When I first got Basil he was a bit thin and was (and is) a crib biter! He did not eat a great amount of hay and ground his teeth. Turnout was limited where he was kept by his old owner and in his life before that, as a racehorse, the bulk in his diet would have been limited. Based on this background I fairly quickly decided that it was likely he had stomach ulcers. Over 80% of racehorses have been found to have ulcers and up to 70% of competition horses.
What are they?
Ulcers occur in the horse's stomach when digestive acids come into contact with the upper part of the stomach lining. Known as Equine Gastric Ulcer Syndrome (EGUC) the ulcers vary in severity from an inflamed stomach lining to erosion and bleeding of the stomach lining. In extreme cases there can be perforation of the stomach - which can be fatal.
What causes stomach ulcers in horses?
The horse's stomach secretes acid all the time, even when the stomach is empty. This acid is usually neutralised by the saliva produced in response to regular chewing. If the horse's stomach is empty this acid will attack the stomach lining.
These vary but can include:
- Poor performance
- Reduced appetite
- Altered temperament - difficult to ride, bucking, refusing at jumps
- Weight loss
- Teeth grinding
- Crib biting
- Back pain
- Peritonitis and death
Really the only accurate method of diagnosis is by gastroscopy. The horse’s oesophagus, stomach and duodenum are inspected. The ulcers are graded on a scale of 1 to 4 with 1 being mild thickening only to 4 being deep widespread ulcers. Bleeding does not relate to the depth or the severity of the ulcer.
How to prevent ulcers developing.
Chewing creates saliva, this is a natural antacid which helps to neutralise the acid in the stomach. So by 'trickle feeding' your horse (as they feed in the wild) you are ensuring they are chewing and producing saliva at all times. There is also constantly food in the stomach for the acid to work on. So keeping your horse at grass if possible and/or feeding ad lib hay is ideal. However, never forget that obesity brings its own problems!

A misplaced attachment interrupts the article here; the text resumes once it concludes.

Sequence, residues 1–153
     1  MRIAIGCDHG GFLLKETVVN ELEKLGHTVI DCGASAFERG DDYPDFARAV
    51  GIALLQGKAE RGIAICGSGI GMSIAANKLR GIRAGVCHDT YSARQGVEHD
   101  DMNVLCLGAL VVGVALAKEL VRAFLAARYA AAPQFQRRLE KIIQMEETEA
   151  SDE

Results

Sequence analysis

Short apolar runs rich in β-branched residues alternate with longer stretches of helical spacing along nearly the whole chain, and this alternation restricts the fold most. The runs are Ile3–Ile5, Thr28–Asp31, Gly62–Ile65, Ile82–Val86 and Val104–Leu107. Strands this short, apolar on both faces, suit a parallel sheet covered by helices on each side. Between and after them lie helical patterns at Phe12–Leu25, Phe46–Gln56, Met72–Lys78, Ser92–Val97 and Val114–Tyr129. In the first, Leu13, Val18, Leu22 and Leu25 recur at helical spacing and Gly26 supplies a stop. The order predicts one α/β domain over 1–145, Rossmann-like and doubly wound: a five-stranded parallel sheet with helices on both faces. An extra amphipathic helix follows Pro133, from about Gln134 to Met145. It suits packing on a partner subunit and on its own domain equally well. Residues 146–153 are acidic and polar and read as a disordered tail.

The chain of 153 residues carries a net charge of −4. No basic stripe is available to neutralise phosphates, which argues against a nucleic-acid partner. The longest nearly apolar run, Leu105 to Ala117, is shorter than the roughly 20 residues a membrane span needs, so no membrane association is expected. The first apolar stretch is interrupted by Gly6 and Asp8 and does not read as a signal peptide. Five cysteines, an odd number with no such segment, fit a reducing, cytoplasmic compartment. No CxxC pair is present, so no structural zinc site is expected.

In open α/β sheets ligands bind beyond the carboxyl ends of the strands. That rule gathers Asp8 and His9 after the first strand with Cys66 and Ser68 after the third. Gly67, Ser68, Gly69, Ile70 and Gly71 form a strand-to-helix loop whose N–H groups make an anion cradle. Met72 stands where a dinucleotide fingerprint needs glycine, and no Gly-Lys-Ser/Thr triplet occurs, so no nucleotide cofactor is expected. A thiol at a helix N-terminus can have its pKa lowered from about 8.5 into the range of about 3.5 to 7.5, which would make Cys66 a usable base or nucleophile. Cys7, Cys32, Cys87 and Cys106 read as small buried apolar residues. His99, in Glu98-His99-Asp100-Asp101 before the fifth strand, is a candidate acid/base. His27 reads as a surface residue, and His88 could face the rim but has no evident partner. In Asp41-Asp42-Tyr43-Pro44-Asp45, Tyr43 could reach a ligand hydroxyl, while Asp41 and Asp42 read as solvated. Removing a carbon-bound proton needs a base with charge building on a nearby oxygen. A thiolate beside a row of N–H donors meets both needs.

Other ways to limit the chance of your horse developing ulcers are:
- Avoid feeding oats or other cereal grains (barley, maize etc). These starchy foods stimulate the stomach cells into producing more acid and grains tend to move through the stomach too quickly and so leaving the stomach empty.
- Feed sugar beet pulp instead of cereal grains. This has the same calories as oats but doesn't tend to cause excess acid production as starch does.
- If you need to feed extra fat choose vegetable sources that are high in omega 3 eg: flax or chia seeds - these will reduce the inflammation experienced with ulcers.
- Legumes such as alfalfa, soybean meal and split peas offer enough amino acids (which are the building blocks of protein) to allow proper maintenance and healing.
- Feed hindgut bacteria (the good bacteria). These make digestion more efficient and promote the synthesis of B vitamins which heal the digestive tract.
- You could also feed extra B vitamins, these are used up rapidly when a horse is in pain.
- Reduce stress. Stress can increase acid production so think about what stresses your horse; traveling, being left alone, change of routine etc.
I didn't have a gastroscopy for Basil but introduced some easy steps to try to reduce the problem. I fed him as much hay as he could eat and gradually he started eating more. He was turned out during the day (night in the summer). He doesn't have a cereal based mix, he has an alfalfa based feed. Although Basil still crib bites quite a lot and grinds his teeth when he wants to go in the field I feel he is better. He eats plenty of roughage and has practically no time, apart from when I ride, when his stomach is empty.
Look out for tomorrow's 'Mini Haul' video on my You Tube channel.
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Until next time!